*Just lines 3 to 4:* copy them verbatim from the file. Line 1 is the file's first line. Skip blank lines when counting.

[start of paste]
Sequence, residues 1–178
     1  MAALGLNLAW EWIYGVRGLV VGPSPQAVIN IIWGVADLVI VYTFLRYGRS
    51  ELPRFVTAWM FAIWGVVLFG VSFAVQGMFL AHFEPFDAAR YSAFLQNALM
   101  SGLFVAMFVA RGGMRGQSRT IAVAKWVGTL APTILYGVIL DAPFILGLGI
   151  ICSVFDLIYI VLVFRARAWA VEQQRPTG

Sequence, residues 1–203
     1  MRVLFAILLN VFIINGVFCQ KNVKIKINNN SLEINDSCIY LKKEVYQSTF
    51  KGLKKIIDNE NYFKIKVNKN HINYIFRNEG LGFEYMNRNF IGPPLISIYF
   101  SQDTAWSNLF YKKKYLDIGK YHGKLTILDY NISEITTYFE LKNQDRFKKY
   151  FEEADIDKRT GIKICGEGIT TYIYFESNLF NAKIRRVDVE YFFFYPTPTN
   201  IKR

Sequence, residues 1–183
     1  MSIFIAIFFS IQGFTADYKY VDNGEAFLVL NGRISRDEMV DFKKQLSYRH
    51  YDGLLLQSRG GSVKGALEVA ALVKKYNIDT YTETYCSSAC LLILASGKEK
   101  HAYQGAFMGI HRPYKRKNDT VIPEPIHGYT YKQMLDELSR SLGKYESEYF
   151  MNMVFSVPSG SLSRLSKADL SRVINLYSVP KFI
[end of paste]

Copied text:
    51  ELPRFVTAWM FAIWGVVLFG VSFAVQGMFL AHFEPFDAAR YSAFLQNALM
   101  SGLFVAMFVA RGGMRGQSRT IAVAKWVGTL APTILYGVIL DAPFILGLGI